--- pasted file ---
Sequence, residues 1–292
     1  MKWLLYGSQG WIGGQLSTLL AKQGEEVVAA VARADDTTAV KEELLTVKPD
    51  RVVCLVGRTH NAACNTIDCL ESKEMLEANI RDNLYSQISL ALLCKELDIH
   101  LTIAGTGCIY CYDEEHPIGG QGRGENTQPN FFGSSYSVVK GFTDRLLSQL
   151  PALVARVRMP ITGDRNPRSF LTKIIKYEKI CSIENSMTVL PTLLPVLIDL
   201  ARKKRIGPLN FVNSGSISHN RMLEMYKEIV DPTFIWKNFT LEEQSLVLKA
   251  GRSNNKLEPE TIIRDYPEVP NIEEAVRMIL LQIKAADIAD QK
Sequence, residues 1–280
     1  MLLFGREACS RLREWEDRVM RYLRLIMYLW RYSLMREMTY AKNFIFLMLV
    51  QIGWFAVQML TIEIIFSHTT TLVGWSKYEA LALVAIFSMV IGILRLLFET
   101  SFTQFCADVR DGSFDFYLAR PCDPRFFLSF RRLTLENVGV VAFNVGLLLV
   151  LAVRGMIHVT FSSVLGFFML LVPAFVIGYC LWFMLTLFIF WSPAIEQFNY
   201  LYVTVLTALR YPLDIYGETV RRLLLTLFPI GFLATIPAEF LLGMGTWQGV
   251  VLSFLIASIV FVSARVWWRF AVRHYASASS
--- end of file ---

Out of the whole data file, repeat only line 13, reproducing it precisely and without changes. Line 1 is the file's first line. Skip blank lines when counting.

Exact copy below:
   201  LYVTVLTALR YPLDIYGETV RRLLLTLFPI GFLATIPAEF LLGMGTWQGV